Mikhail Gorbachev – the Soviet president whose image characterized the waning days of the Cold War – has died at the age of 91.
Gorbachev, who led the country from 1985 to 1991, was instrumental in the Soviet Union’s departure from its strict adherence to Communist rule which prohibited freedom of worship. In Israel, the leader was remembered for lifting restrictions, allowing Jews to both practice their faith and to immigrate to Israel.
As Pinchas Goldschmidt, chief rabbi of Moscow from 1993 until 2022, wrote on Twitter after Gorbachev's death, “3 million Soviet Jews owe him their freedom.”
After he became president, Gorbachev shifted the policies of his nation and released political prisoners and “refuseniks” – Jews who fought for the right to emigrate to Israel. He loosened restrictions which led to the wave of Soviet aliyah in the 1980s and early 1990s.
One of the refuseniks was Natan Sharansky, now a human rights activist in Israel. Sharansky was in Soviet prisons for nine years and was famously the first political prisoner released from prison during Gorbechev’s tenure.
Sharansky eulogized the leader in a Washington Post editorial.
“All politicians boast of their achievements when they conclude their terms in office. In this case, however, what Gorbachev said was not a boast, but rather an understatement,” Sharansky wrote of the president’s final speech in which he recalled his promotion of political and religious freedoms, democracy and capitalism.
“Just a few years earlier, the Soviet Union had been one of history’s most frightening dictatorships, sending its troops far and wide, ruling over roughly a third of the globe, and controlling hundreds of millions of its own citizens through intimidation. And while Soviet dissidents (I was among them) told the world that the regime was internally weak, our predictions of its downfall were dismissed as wishful thinking by Western experts mesmerized by the U.S.S.R.’s seemingly unshakable power.”
Jewish emigration from the Soviet Union began in earnest after some 250,000 demonstrators rallied in Washington with chants of “Let Our People Go” during Gorbachev’s visit in 1987.
Between 1989 and 1999, around 300,000 Soviet Jews immigrated to Israel and more to the United States, according to The Times of Israel. Hebrew University Prof. Mark Tolts said that the Jewish population dropped from more than “2 million in 1970 to less than a quarter of a million by 2019.”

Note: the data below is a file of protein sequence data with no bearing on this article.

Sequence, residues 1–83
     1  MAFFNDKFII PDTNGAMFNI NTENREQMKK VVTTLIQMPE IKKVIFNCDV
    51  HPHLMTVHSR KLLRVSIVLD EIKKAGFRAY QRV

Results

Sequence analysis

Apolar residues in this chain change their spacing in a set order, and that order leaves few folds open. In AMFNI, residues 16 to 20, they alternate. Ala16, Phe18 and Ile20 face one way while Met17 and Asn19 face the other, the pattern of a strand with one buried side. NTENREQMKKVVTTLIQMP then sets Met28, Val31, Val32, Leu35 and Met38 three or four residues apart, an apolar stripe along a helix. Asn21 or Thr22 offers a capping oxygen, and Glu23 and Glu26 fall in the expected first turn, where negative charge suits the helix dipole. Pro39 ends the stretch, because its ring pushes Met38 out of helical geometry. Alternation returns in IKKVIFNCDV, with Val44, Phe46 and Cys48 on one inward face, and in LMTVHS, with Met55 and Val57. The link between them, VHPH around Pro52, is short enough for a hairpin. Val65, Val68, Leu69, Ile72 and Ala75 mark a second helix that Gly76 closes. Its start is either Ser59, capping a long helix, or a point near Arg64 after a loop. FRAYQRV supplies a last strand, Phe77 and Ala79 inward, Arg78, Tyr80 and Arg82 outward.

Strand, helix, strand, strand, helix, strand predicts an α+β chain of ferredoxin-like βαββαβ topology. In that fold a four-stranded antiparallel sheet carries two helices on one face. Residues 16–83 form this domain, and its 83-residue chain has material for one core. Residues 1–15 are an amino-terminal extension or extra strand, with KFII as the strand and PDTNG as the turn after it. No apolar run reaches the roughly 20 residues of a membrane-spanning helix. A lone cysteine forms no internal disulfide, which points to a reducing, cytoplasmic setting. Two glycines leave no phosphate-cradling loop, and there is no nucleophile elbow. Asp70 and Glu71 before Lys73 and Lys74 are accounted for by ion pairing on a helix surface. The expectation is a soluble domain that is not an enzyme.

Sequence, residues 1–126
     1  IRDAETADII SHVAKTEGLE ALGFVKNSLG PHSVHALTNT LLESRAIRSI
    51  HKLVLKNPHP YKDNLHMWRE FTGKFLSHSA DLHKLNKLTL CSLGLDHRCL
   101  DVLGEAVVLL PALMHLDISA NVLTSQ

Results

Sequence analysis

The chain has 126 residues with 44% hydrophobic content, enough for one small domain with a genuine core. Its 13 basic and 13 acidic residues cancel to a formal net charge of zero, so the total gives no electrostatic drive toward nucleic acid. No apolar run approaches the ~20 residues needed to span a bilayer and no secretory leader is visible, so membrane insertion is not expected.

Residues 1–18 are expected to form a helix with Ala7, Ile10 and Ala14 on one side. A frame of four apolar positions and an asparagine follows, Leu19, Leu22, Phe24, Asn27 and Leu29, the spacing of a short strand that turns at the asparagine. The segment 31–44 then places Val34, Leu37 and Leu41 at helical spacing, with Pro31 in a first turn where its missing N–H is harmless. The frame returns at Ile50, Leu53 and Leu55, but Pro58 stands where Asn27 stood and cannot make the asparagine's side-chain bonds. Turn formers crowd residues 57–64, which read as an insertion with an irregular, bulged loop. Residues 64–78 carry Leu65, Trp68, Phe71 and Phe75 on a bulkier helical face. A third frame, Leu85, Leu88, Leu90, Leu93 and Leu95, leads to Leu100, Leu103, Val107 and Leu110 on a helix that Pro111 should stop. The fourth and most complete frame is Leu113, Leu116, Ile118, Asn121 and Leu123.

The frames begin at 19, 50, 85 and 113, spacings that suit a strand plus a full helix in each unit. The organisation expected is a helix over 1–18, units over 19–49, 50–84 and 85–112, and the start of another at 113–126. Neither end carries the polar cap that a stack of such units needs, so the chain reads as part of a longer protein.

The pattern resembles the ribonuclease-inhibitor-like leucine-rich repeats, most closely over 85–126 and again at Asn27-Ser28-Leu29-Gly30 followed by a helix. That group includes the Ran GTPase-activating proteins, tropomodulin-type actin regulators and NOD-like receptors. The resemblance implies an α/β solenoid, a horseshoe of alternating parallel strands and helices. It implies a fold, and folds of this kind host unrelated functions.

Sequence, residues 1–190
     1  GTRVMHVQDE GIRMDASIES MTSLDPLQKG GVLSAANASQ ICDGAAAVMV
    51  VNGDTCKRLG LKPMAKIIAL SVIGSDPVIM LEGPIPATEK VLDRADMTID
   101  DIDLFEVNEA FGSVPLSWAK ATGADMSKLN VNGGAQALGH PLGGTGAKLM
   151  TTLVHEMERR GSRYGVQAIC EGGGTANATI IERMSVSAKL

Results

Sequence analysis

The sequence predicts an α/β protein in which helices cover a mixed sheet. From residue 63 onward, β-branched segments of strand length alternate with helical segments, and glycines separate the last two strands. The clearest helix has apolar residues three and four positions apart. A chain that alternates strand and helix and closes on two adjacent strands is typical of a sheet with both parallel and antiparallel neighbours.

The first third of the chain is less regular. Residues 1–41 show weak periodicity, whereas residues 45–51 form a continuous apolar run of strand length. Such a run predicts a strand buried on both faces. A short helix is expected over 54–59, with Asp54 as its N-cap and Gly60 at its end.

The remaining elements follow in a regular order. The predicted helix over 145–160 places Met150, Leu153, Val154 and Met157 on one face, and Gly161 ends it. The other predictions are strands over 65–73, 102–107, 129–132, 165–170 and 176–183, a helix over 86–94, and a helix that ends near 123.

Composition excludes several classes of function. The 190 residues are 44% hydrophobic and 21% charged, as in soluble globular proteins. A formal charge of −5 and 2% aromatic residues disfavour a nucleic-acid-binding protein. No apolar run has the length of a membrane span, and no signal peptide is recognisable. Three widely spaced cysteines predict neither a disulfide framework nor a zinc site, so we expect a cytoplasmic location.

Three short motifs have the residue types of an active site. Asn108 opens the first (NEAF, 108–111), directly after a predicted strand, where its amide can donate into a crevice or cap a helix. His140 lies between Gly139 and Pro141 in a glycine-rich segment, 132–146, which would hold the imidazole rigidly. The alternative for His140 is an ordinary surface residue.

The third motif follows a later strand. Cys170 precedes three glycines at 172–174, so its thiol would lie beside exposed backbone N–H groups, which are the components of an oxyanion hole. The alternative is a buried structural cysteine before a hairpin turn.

A year after he resigned following a failed coup in the Soviet Union, Gorbachev visited Israel in 1992 where he condemned anti-Semitism.
“In the days of Stalin, especially after World War II, anti-Semitism was introduced into domestic and foreign policy,” Gorbachev said. “Even after the death of Stalin, this state of affairs continued, but not in openly repressive forms.”
Gorbachev’s reforms affecting Jews were part of a much broader revolution he led to end the Cold War, the decades-long Soviet-U.S. standoff that many in the west feared would heat up into a nuclear conflict.
Israeli leaders lauded his accomplishments.
“He was a brave leader and great statesman, who contributed greatly to the rehabilitation of relations between his country and Israel, and opened the gates of the Soviet Union for the great wave of Jewish immigration to Israel in the 1990s,” Prime Minister Yair Lapid said.
President Isaac Herzog met Gorbachev during his 1992 visit to Israel.
“Mikhail Gorbachev was one of the 20th century's most extraordinary figures. He was a brave and visionary leader, who shaped our world in ways previously thought unimaginable,” Herzog said. “Heartfelt condolences to his family and friends.”
Gorbachev, who received the 1990 Nobel Peace Prize, died on Tuesday in a hospital in Moscow after an extended illness. He will also be remembered for conducting disarmament talks with then-U.S. President Ronald Reagan, his policy of perestroika (reconstruction) and glasnost (openness).
Nicole Jansezian is the news editor for both ALL ISRAEL NEWS and ALL ARAB NEWS and senior correspondent for ALL ISRAEL NEWS